Speaking in Academic Contexts
Features of academic spoken English
Spoken language in general has more words that refer to the speaker and the hearer than written language. This means that although the main emphasis should be on the information that you want to give and the arguments you want to make, it is not unusual to refer to yourself or your audience.
Halliday (1989, p.79) compares a sentence from a written text:
The use of this method of control unquestionably leads to safer and faster train running in the most adverse weather conditions.
and a more natural spoken version:
You can control the trains this way and if you do that you can be quite sure that they’ll be able to run more safely and more quickly than they would otherwise, no matter how bad the weather gets.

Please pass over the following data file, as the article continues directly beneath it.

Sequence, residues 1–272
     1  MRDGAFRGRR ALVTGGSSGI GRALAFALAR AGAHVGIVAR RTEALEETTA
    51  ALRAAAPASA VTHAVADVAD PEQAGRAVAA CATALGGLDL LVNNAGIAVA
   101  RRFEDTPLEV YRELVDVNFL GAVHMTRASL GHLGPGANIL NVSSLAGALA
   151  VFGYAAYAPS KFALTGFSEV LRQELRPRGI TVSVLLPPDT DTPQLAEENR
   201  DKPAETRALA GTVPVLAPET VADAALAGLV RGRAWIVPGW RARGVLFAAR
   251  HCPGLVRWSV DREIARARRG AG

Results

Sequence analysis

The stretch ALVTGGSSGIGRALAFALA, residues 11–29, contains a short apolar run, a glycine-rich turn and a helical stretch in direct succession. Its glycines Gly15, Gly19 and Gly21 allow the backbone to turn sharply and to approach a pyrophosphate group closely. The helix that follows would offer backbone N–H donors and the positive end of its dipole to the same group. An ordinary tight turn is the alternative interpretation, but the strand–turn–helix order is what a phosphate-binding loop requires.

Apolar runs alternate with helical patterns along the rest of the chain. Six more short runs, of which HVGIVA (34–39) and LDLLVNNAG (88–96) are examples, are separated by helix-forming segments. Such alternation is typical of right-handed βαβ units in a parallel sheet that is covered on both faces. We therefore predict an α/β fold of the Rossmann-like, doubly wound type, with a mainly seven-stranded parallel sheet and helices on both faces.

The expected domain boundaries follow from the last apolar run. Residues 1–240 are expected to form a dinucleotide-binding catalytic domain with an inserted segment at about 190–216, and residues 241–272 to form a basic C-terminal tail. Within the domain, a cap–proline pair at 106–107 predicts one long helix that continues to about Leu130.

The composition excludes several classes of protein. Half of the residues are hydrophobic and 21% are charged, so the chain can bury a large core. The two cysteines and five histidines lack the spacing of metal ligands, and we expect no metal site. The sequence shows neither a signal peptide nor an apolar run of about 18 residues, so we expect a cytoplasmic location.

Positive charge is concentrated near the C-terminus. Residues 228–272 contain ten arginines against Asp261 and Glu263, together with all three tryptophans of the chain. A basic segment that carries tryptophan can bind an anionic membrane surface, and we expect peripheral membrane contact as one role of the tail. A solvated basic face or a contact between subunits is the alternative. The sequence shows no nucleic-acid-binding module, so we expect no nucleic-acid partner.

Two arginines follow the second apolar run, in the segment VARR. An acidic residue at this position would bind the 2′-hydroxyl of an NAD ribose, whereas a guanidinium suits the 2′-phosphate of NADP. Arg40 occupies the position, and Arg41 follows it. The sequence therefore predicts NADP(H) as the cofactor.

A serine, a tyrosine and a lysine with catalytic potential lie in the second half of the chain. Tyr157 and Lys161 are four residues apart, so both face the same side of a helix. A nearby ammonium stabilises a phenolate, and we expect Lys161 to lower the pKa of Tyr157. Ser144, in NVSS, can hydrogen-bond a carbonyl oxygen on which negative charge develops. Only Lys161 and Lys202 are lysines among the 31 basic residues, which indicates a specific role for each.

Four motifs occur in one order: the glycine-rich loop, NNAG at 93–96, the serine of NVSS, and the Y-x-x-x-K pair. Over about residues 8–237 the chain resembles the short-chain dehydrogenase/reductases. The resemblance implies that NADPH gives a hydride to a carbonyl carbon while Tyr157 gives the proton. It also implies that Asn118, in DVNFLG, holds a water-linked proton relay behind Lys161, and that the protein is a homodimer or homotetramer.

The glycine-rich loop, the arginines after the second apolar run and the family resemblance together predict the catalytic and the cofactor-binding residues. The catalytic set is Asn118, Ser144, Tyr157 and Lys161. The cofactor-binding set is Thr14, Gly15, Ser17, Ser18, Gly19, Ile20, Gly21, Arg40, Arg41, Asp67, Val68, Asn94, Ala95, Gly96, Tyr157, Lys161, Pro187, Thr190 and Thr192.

Look at the following examples (Halliday, 1989, p.81):
Every previous visit had left me with a sense of the futility of further action on my part.
Whenever I’d visited there before, I’d ended up feeling that it would be futile if I tried to do anything more.
Improvements in technology have reduced the risks and high costs associated with simultaneous installation.
Because the technology has improved it’s less risky than it used to be when you install them at the same time, and it doesn’t cost so much either.